Does IMD forecast signal monsoon acing El Nino in 2019?.

It last happened in 1997, when despite one of the strongest El Ninos the monsoon ended 2% above normal.


IMD has forecast a “near normal” monsoon this year while also indicating that a weak El Nino is likely to persist through the rainy season. If both forecasts hold true, it would be only the second time in nearly 50 years that India will have a normal monsoon in an El Nino year.

There have been nine El Nino years since 1970, and only once has the Indian summer monsoon remained unscathed from its influence. That was in 1997, when despite one of the strongest El Ninos, the monsoon ended 2% above normal.

In the other eight instances, the June-September rains in India were hit irrespective of El Nino’s strength — weak, moderate or strong — indicating a strong link between the weather anomaly in the Pacific and monsoon’s performance in India.

El Nino is an abnormal warming of ocean waters in east and central equatorial Pacific that drives changes in wind currents which, in turn, have weather impact around the world.

Apart from 1997, other instances of good monsoons during El Nino years are all from the 1950s and 60s. “There are two years when the monsoon was normal or above normal during a weak El Nino, 1953 and 1969. This year’s El Nino is also predicted to be weak,” said D Sivananda Pai, IMD’s lead monsoon forcaster. The monsoon also defied El Nino in 1957 and 1963, IMD records show.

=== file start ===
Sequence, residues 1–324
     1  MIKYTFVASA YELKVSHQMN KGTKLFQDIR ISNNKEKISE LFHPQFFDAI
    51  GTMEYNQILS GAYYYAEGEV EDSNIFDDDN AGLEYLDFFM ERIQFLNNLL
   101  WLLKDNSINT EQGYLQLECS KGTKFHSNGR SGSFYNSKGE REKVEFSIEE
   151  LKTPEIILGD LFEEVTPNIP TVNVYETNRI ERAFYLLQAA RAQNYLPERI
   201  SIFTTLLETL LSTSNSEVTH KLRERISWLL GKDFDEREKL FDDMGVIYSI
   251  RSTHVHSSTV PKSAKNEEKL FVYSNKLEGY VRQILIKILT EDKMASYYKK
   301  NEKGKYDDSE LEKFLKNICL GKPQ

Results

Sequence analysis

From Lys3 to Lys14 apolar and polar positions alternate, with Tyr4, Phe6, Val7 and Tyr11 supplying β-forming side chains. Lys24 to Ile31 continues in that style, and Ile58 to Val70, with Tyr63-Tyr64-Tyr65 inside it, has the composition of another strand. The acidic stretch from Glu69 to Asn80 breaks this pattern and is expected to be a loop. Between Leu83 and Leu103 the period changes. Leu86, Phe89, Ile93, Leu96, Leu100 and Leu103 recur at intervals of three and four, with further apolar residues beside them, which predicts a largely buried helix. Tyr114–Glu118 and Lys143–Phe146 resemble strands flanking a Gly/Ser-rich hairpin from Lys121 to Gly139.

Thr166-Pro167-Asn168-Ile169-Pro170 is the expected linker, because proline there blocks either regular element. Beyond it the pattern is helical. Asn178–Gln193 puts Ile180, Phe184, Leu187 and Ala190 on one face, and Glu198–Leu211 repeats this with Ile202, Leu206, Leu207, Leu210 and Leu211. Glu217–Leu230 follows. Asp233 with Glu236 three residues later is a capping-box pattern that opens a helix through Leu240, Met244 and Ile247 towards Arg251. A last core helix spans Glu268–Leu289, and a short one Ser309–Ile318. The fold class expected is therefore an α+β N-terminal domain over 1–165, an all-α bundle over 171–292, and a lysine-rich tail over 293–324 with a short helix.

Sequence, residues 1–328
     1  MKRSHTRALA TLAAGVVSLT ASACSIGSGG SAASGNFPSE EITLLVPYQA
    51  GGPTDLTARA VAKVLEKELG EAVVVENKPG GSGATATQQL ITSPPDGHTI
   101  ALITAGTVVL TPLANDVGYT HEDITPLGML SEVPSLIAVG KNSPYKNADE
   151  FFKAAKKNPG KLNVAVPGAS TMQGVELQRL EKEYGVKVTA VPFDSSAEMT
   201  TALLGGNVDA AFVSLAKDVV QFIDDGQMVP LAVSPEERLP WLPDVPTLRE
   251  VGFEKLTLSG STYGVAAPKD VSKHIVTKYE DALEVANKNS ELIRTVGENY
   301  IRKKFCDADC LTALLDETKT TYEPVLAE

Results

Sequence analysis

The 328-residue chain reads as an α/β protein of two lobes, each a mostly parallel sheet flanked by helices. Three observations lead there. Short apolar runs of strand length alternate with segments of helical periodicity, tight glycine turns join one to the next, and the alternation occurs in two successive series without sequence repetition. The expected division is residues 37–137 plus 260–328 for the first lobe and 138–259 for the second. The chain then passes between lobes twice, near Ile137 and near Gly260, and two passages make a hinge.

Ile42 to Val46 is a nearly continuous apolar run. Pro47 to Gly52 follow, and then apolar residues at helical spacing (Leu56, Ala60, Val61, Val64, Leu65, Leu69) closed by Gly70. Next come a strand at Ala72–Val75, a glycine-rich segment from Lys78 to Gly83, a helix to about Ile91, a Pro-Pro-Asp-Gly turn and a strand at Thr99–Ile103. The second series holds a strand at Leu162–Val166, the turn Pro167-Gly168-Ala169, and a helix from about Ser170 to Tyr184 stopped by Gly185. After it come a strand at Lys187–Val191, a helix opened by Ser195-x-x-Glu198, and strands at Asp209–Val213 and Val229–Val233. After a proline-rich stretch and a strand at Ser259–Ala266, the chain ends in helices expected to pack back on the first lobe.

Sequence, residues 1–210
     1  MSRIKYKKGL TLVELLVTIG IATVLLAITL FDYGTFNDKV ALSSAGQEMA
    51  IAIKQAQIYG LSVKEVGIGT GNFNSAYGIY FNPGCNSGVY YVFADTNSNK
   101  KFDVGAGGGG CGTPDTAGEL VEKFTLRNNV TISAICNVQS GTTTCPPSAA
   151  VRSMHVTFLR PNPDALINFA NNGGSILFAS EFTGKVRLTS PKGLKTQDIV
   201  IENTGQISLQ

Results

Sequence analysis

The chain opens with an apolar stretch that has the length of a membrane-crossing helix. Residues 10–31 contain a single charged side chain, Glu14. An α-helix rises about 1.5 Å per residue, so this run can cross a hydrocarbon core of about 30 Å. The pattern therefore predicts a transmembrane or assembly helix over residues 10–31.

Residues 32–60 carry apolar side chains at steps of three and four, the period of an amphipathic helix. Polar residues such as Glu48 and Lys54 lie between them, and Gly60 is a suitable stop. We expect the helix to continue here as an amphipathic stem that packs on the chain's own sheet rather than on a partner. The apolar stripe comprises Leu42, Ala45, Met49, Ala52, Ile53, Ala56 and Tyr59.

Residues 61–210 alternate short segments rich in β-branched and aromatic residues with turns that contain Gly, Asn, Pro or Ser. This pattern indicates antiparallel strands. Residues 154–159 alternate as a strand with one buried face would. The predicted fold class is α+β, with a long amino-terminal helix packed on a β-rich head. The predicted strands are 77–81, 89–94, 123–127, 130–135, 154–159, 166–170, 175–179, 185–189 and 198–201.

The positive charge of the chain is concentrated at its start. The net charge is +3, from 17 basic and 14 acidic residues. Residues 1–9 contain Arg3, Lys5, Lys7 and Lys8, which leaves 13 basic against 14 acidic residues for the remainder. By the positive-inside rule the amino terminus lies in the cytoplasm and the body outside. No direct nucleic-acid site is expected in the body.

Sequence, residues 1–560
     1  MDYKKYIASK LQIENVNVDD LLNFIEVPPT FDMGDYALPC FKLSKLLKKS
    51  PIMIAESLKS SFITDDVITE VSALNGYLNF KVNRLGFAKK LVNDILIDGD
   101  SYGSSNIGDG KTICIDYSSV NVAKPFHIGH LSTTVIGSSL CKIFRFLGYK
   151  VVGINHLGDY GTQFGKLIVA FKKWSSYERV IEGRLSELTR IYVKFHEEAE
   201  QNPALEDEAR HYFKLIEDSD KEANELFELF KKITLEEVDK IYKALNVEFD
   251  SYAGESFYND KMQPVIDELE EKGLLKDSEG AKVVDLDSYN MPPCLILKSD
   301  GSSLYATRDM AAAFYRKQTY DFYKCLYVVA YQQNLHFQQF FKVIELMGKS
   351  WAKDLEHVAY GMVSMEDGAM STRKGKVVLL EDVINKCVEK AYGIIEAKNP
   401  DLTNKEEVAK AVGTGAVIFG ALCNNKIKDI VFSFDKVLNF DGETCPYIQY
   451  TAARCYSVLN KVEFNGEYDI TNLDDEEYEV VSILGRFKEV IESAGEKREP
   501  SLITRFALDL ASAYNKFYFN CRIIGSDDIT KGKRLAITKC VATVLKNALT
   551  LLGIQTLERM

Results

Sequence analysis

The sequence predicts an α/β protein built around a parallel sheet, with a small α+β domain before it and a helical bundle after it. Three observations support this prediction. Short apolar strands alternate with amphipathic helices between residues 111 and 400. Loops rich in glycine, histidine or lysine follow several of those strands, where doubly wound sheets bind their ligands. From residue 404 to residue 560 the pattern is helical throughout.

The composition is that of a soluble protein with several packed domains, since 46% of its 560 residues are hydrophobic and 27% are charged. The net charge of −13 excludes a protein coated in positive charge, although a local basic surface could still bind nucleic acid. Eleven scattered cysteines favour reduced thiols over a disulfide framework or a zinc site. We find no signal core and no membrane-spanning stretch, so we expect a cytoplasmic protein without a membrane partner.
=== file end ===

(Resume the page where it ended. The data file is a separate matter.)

However, the link between El Nino and poor monsoon appears to have strengthened in recent decades. All four El Ninos since year 2000 have adversely impacted rainfall in India. This includes a weak episode in 2004, which led to a drought year with the monsoon ending at 14% below normal.

In recent years, just a warming in the Pacific, which didn’t result in an El Nino, is believed to have impacted the monsoon in 2012 and 2014. However, every El Nino is unique with its own peculiarities. How it plays out, and whether large-scale features that depress the monsoon actually develop, remains to be seen. (Source: The Economic Times)

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